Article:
Aboriginal Advisory Council
Creating sustainable community-led solutions needs many voices, ideas and experiences to be considered and shared.
To ensure our program is culturally appropriate, relevant and is community-driven we have asked some Indigenous community Changemakers from around Australia to assist us in the development, delivery and promotion of this program.
Aunty Bernice Hookey
Lead Yanalangami Facilitator
Bernice is proud Waanyi woman, mum and Changemaker. She is an accomplished speaker, author, mentor and leader. A previous Tranby Alumna, Bernice learned new business skills and enhanced her confidence as a leader by learning alongside other Aboriginal students from around the country.
After completing her studies, she embarked on a journey of leadership and founded MZB Empowerment to improve the quality of life for Mob. She is a voice for the voiceless. In her work as our Lead Yanalangami Facilitator Bernice seeks to strengthen the empowerment of individuals through unique program delivery in a culturally safe environment. Bernice is committed to walking with other women along their leadership journeys and supporting them to thrive.
Our NSW AAC for 2022
Aunty Beryl Van Oploo
“When you have an education, you have a voice
and you have a choice”
Aunty Beryl Van-Oploo is a proud Gamilaroi woman and the definition of Changemaker.
A long-time supporter of Tranby and an education advocate herself – there isn’t much Aunty Beryl hasn’t achieved in her life! She has shared Indigenous foods overseas and run her own catering company in Australia…
She is an educator, a respected Elder and has been a support to so many young people over the years. In everything she does, Aunty Beryl has always worked to support and empower community, sharing love through food.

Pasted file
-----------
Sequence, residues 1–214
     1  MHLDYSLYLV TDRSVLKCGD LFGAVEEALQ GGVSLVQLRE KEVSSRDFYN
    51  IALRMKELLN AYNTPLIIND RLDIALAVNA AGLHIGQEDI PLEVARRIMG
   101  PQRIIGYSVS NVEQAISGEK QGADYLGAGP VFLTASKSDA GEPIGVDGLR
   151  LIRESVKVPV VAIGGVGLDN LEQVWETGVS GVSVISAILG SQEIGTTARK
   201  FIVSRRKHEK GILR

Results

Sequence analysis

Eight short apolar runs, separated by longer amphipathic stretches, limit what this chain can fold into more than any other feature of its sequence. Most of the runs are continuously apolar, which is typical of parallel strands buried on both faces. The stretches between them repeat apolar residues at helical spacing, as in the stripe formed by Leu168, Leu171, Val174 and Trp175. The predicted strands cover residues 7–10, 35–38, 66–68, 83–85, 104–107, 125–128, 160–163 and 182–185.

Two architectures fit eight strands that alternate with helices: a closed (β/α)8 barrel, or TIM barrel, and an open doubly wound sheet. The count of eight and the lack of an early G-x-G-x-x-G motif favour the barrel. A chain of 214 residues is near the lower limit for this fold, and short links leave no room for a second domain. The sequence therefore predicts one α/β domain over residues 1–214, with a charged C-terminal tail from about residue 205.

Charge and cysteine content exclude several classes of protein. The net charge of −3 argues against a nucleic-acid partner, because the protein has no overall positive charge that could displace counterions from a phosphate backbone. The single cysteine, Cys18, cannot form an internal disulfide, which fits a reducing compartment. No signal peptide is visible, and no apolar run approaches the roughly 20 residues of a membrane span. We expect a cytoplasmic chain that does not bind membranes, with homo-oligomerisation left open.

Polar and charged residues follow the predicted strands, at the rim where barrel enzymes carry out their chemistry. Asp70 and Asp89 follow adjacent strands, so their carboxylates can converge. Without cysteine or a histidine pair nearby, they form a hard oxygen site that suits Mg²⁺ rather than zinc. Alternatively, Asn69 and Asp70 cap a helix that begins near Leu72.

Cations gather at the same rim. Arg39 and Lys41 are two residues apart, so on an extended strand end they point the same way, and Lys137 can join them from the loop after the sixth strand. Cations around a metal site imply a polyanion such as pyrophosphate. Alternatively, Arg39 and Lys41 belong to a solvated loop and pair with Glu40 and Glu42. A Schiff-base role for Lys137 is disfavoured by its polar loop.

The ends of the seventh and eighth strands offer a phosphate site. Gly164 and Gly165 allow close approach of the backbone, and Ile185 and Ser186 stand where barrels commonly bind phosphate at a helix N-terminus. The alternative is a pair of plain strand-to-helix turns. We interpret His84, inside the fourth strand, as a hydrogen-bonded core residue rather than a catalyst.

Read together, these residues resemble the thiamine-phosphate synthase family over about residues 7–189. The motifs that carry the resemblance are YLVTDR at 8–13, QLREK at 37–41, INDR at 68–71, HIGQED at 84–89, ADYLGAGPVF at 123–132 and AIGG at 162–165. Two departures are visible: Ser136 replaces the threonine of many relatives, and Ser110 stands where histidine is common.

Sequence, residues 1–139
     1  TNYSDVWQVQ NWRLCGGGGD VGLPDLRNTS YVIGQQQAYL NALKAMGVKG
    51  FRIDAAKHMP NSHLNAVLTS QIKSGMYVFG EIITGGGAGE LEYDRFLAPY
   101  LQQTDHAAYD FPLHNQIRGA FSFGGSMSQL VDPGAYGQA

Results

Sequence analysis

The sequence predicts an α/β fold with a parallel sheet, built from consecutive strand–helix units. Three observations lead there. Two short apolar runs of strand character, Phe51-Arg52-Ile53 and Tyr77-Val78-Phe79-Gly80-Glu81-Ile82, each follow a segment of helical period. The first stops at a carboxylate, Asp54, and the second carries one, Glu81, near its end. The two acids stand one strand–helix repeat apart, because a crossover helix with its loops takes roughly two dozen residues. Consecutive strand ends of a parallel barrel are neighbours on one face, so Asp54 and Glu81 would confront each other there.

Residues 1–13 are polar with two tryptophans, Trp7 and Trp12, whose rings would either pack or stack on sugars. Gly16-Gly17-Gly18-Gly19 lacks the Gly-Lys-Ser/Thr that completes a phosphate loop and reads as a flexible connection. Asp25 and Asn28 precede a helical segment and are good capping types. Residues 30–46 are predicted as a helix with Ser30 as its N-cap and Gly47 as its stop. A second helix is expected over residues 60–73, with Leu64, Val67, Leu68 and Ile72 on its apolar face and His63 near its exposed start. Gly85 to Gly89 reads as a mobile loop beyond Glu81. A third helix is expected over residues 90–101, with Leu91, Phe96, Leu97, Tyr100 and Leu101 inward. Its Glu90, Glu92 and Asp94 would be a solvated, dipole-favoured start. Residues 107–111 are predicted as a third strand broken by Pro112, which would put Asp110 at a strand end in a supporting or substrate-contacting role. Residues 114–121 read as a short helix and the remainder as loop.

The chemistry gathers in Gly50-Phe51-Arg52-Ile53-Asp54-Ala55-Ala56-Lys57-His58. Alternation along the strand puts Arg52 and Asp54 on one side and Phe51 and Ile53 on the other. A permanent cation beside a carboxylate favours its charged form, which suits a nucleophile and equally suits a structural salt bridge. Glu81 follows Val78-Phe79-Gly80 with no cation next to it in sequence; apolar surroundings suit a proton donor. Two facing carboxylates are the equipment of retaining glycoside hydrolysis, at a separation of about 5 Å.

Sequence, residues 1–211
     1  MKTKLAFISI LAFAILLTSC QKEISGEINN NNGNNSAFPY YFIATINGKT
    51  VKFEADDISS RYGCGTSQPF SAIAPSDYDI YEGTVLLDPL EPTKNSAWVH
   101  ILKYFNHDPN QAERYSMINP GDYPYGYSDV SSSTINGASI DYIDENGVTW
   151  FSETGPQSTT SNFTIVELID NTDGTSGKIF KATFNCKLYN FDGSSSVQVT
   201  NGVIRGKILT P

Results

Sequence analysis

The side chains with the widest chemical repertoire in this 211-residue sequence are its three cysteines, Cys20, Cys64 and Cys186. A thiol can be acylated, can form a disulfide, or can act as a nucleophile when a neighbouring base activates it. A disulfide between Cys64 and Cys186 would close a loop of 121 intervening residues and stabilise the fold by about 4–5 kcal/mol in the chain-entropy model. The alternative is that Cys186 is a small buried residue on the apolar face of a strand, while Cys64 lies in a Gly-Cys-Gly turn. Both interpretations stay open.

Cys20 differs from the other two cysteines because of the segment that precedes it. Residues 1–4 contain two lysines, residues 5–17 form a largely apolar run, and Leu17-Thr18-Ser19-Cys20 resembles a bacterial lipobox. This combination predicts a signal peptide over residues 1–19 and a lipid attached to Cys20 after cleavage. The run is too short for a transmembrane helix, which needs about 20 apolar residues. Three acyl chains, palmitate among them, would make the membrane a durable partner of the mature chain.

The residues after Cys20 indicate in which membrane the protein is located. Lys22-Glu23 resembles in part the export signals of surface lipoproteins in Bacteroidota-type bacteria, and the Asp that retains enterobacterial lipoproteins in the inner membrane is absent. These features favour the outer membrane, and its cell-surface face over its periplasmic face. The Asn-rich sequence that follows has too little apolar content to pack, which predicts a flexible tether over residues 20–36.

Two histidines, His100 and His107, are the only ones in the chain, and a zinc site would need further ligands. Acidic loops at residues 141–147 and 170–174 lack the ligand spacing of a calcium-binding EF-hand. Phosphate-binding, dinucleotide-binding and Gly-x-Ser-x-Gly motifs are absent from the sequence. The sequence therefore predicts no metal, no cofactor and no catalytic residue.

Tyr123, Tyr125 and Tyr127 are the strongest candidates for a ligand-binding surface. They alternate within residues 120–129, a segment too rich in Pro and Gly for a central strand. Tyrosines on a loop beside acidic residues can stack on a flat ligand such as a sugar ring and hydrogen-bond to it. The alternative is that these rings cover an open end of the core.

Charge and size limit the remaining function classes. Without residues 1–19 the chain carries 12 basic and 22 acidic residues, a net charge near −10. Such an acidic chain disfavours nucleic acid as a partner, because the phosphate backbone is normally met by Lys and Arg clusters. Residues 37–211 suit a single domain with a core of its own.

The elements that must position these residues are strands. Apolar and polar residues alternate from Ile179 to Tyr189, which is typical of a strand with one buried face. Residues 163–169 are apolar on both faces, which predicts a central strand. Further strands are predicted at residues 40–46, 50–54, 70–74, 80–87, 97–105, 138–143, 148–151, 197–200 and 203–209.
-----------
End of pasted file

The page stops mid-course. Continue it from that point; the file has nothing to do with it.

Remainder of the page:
To read more about Aunty’s work, click here.
“For me the importance of Aboriginal women in leadership is to continue carrying the legacy, strength and cultural values of the women who came before us.
It’s extremely important to me to continue to light the path for Aboriginal women. Whilst we work to clear generational trauma we cannot forget our generational strength as the oldest living culture in the world, anything less is a disservice to our matriarchs who gave us more than just wounds.”
Ashlee Donohue a proud Aboriginal woman from the Dunghutti nation, born and raised in Kempsey, NSW. An Author, Educator and Advocate for topics specifically surrounding anti-violence, anti- racism and Aboriginal women, Ashlee Donohue has created a platform to share lived experiences, as well as a safe place for many Aboriginal women. As CEO of Mudgin-Gal Aboriginal Corporation-Women’s Centre, Author of ‘Because I Love Him’ and owner of Miss Ashlee Enterprise, Ashlee has become an inspiration and support network for many women.
A highly sought-after facilitator, speaker and powerful advocate Ashlee has presented at the UN Status of Women Forums in NYC, been the lead writer and co-creator for numerous anti-violence campaigns and anti-racism education. A published author, her memoir ‘Because I love him’ a personal account of love, motherhood, domestic violence and survival.
Ashlee sits on the City of Sydney’s Aboriginal and Torres Strait Islander Advisory panel, Wirringa Baiya Aboriginal Women’s Legal Centre and Community Centre Limited (CRC) Board of Directors.